The Conservatives, after continued criticism they are not doing enough to address the Syrian refugee crisis, are expected to announce within days some new ways Canada could help.
At a campaign stop in P.E.I., Conservative Leader Stephen Harper said he wasn't in a position to announce specific measures Thursday, but his government was "going to take some concrete steps to expedite the process" of resettling Syrian refugee families to Canada.
Campaign officials told CBC News new measures to speed up the process of bringing in Syrian refugees would be unveiled soon.
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The government is expected to look at what targets can be reasonably achieved and how much of the process can be sped up by adding resources. That may also include lifting the requirement that refugees be privately sponsored and have proof of refugee status from the United Nations High Commissioner for Refugees or a foreign state.
A number of Canadian organizations and church groups raising money to sponsor refugees have been frustrated by the time it can take — possibly years — to bring in Syrian families.
"We're also going to make sure we tap into that generosity that I think is very genuine across the country," Harper said.
Last month Harper promised that a re-elected Conservative government would admit 10,000 more Syrian and Iraqi refugees over four years. The Conservative campaign confirmed to CBC News Thursday those refugees would be in addition to the roughly 14,000 refugees Canada brings in per year on average from around the world.
In January, the government announced it was planning to resettle 10,000 Syrians by 2017, over and above an earlier commitment to bring in 1,300 by the end of 2014, but it was unclear if those were new openings or if they would be part of Canada's annual allotment.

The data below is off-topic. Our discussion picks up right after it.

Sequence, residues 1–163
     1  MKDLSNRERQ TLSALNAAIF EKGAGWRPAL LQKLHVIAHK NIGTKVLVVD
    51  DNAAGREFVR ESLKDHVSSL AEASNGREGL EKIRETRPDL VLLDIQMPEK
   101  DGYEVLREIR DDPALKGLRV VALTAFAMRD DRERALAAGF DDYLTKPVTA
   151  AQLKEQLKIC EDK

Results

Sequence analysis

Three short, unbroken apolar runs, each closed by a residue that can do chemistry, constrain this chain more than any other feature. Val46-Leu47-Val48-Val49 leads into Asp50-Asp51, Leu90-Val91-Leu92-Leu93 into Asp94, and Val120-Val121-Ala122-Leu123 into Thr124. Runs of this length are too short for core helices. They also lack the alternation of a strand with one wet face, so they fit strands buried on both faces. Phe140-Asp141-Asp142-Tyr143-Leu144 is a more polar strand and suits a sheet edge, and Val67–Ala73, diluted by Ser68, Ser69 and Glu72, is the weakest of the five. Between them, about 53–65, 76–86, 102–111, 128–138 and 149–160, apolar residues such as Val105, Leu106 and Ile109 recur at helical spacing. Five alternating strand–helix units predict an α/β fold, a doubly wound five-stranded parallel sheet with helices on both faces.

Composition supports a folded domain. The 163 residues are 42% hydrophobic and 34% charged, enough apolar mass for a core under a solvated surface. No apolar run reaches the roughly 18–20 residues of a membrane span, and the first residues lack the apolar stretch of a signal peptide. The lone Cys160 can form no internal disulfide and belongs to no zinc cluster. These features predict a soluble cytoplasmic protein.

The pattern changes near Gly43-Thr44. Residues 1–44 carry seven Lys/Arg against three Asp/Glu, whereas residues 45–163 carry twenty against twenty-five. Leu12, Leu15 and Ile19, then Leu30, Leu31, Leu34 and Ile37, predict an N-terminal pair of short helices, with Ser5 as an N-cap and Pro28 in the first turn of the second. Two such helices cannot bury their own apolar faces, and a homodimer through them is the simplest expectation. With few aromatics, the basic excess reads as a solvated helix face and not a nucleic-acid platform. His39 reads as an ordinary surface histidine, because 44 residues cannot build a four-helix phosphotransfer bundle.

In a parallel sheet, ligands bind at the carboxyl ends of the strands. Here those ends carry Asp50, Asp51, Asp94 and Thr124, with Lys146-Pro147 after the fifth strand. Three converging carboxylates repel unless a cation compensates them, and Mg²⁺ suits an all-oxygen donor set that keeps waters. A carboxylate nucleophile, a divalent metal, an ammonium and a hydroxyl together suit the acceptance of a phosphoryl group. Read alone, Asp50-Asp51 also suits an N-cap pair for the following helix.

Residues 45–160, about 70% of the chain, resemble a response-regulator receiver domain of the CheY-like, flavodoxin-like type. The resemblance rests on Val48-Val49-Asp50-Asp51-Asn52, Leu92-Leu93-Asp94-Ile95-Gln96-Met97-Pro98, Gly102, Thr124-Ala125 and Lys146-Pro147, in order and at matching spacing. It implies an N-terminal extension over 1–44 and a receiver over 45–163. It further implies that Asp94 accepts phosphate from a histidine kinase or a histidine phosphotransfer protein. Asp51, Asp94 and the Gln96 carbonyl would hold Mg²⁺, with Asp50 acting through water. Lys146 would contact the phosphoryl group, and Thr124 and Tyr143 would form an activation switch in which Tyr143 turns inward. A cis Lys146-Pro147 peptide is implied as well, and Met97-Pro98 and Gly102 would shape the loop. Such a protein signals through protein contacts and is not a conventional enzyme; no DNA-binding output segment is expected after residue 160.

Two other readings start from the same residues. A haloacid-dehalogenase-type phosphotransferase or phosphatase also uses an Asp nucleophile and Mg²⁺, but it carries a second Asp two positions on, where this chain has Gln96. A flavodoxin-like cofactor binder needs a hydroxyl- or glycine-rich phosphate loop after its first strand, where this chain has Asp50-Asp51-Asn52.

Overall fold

Remi Lariviere, an immigration department spokesman, confirmed to CBC News Wednesday the additional Syrian refugees announced in January would not be new spaces. They will get a greater share of Canada's annual refugee commitment, at the expense of refugees from other places.
"As part of its multi-year commitments to different refugee populations around the world, the government of Canada has agreed to resettle 11,300 Syrian refugees by the end of 2017, and 23,000 Iraqi refugees by the end of 2015," Lariviere said.
So far, 2,374 of those 11,300 Syrian refugees have been resettled in Canada.
As well, Canada plans to resettle:
6,500 Bhutanese by 2015.
900 Colombians out of Ecuador by 2017.
2,500 Congolese out of Tanzania and Burundi by 2018.
4,000 Eritreans out of Sudan and Ethiopia by 2019.
5,000 refugees based in Turkey by 2018.
Harper has faced increasing pressure over the refugee issue, including from provincial and municipal leaders who have pledged money and support to do what they can to get more refugees into the country.
Provincial immigration ministers continued discussions about how to proceed during a conference call on Thursday, and called on the federal government to convene an "urgent" meeting on resettlement efforts, though that may have to wait until after the Oct. 19 election.
Harper has said the government will not airlift thousands of refugees from countries such as Syria and Iraq, where extremist organizations operate, without conducting proper security screening. He has said that efforts to bring in more refugees cannot come at the expense of Canada's security.
Four million Syrians have already fled the country, according to the United Nations High Commissioner for Refugees, which estimates that another 7.6 million have been displaced inside Syria.
Liberals, NDP would resettle more, faster
Liberal Leader Justin Trudeau has said that Canada should resettle 25,000 refugees from Syria as soon as possible.
Meanwhile, the NDP said it would get 10,000 Syrian refugees to Canada by the end of the year and more than 46,000 government-sponsored refugees to Canada by 2019.
Both Liberals and the NDP have said their proposals are above the existing intake commitments.
NDP Leader Tom Mulcair on Thursday called on the federal government to match donations made to registered Canadian charities involved in the Syrian refugee relief efforts.
"Where there's a will, there's a way. Mr. Harper keeps piling up the excuses for doing nothing," Mulcair told reporters at a campaign stop in Winnipeg.
"I am concerned about security, but it's not an excuse for inaction, that's the difference between Mr. Harper and myself," the NDP leader said.